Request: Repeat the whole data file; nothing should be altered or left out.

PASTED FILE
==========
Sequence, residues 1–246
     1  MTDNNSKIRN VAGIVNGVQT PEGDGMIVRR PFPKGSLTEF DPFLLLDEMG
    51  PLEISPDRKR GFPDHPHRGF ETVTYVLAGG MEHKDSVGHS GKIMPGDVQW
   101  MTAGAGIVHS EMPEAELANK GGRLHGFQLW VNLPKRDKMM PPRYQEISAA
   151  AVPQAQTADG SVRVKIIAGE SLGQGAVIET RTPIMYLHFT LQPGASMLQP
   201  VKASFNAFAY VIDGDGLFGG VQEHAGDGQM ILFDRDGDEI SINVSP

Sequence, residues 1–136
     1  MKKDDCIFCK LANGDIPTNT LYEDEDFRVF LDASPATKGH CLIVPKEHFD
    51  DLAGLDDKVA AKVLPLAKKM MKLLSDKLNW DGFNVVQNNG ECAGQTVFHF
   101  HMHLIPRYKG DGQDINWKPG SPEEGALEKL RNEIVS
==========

Sequence, residues 1–246
     1  MTDNNSKIRN VAGIVNGVQT PEGDGMIVRR PFPKGSLTEF DPFLLLDEMG
    51  PLEISPDRKR GFPDHPHRGF ETVTYVLAGG MEHKDSVGHS GKIMPGDVQW
   101  MTAGAGIVHS EMPEAELANK GGRLHGFQLW VNLPKRDKMM PPRYQEISAA
   151  AVPQAQTADG SVRVKIIAGE SLGQGAVIET RTPIMYLHFT LQPGASMLQP
   201  VKASFNAFAY VIDGDGLFGG VQEHAGDGQM ILFDRDGDEI SINVSP

Sequence, residues 1–136
     1  MKKDDCIFCK LANGDIPTNT LYEDEDFRVF LDASPATKGH CLIVPKEHFD
    51  DLAGLDDKVA AKVLPLAKKM MKLLSDKLNW DGFNVVQNNG ECAGQTVFHF
   101  HMHLIPRYKG DGQDINWKPG SPEEGALEKL RNEIVS